Friday, 15 April 2016

World's Oldest Gold Coins

One of the world’s oldest coins was recently sold in Germany for over over $380,000. Issued between 600 and 625 B.C., this coin is unique because of the stamp of Phanes. The exact identity of Phanes remains unknown. “I am the badge of Phanes” is one of the English translations of the stamp. The words can also be translated as the more cryptic “I am the tomb of light.” Since Phanes was the god of light, and also the word for light, the ancient words can be interpreted in many different ways.

There are four examples of these types of coins. Known as “Staters of Phanes,” the denomination is one stater. A stater is an early currency of ancient Greece. Denominations began at 1/96, and went up to one stater. There were seven total denominations. Only the two highest had the Phanes stamp.
One of the oldest coins known was discovered in Efesos, an ancient Hellenic city and prosperous trading center on the coast of Asia Minor. The 1/6 stater was made from electrum, a natural occurring alloy of gold and silver. It originated in Lydia.

The ancient stater was hand struck. A die with a design for the obverse (front) of the coin was placed on an anvil. A blank of metal was placed on top of the die, and a punch hammered onto the reverse. The result was a coin with an image on one side and a punch mark on the other.
Electrum Stater Of Miletos. Several Greek cities as well as the Lydian kings began minting the first coins by stamping the badge of their city into one side of a standard weight lump of electrum and various punches into the other. These were used to facilitate trade by certifying that the intrinsic value and weight of the metal was guaranteed by the issuing authority.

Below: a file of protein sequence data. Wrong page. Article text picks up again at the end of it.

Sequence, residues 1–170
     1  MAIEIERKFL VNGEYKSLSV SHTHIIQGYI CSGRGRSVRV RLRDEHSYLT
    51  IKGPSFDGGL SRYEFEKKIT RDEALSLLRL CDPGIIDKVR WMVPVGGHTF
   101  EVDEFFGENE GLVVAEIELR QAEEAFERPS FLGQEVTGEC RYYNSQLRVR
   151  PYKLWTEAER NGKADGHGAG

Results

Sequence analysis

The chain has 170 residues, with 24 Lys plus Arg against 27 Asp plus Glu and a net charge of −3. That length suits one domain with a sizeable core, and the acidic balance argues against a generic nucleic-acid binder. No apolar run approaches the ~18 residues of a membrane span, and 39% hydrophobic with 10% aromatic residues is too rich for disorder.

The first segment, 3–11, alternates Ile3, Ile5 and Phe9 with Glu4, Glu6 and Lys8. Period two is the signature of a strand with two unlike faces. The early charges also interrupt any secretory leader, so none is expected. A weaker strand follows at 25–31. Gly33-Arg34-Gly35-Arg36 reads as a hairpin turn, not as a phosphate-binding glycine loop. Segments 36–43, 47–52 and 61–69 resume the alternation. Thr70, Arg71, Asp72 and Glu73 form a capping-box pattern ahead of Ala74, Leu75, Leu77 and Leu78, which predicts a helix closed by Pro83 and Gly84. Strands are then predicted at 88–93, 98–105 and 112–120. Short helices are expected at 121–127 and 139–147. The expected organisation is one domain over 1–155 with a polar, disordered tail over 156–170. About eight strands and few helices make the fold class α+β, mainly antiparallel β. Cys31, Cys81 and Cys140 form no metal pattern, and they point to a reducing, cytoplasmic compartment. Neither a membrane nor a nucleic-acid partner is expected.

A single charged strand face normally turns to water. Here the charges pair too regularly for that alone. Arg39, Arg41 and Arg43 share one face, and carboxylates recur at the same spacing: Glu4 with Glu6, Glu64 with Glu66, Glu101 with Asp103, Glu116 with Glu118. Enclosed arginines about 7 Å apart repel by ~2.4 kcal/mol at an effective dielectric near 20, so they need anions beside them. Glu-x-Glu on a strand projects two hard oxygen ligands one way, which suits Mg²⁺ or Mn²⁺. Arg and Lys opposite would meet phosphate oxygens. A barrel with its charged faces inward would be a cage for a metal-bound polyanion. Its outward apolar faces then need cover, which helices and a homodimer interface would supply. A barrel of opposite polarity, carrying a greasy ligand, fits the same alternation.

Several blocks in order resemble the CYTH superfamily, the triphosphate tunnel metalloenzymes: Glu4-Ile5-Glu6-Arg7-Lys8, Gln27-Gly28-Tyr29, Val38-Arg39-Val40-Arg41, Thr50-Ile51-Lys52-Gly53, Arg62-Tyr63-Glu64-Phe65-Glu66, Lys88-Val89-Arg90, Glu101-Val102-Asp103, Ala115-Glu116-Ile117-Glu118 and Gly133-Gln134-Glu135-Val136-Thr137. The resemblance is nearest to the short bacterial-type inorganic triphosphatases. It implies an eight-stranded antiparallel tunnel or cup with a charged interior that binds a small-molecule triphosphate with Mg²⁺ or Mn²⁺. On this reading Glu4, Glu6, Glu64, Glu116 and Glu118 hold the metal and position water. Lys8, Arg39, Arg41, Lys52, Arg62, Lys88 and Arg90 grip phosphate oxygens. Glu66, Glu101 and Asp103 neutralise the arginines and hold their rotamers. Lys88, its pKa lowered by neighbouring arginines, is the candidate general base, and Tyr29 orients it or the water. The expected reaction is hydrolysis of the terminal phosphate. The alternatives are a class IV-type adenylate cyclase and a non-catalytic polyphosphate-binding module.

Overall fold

Of these early coins, those of Miletos (600-550 BC), are probably the finest.
In 2014 A diver found what is believed to be the oldest gold coin ever discovered in Bulgaria. The ancient coin was found in shallow waters near the resort town of Sozopol on Bulgaria’s Black Sea coast.

The coin was minted in Lydia in the second half of the seventh century BCE, which puts the coin’s age at around 2750 years. Sozopol was founded as a colony of the Greek city state of Miletos about 611 BCE – first named Antheia, it was later known as Apollonia. The coin weighs 0.63 grams and has a denomination of 1/24 of a stater.

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